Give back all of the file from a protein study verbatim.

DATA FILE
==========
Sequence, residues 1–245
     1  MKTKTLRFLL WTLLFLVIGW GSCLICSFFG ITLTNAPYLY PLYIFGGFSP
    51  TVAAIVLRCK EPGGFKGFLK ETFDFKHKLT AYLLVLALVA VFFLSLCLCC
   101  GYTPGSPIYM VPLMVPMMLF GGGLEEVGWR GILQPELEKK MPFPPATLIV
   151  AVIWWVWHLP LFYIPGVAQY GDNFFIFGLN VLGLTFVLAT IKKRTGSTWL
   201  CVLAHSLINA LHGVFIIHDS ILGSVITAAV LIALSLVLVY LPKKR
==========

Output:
Sequence, residues 1–245
     1  MKTKTLRFLL WTLLFLVIGW GSCLICSFFG ITLTNAPYLY PLYIFGGFSP
    51  TVAAIVLRCK EPGGFKGFLK ETFDFKHKLT AYLLVLALVA VFFLSLCLCC
   101  GYTPGSPIYM VPLMVPMMLF GGGLEEVGWR GILQPELEKK MPFPPATLIV
   151  AVIWWVWHLP LFYIPGVAQY GDNFFIFGLN VLGLTFVLAT IKKRTGSTWL
   201  CVLAHSLINA LHGVFIIHDS ILGSVITAAV LIALSLVLVY LPKKR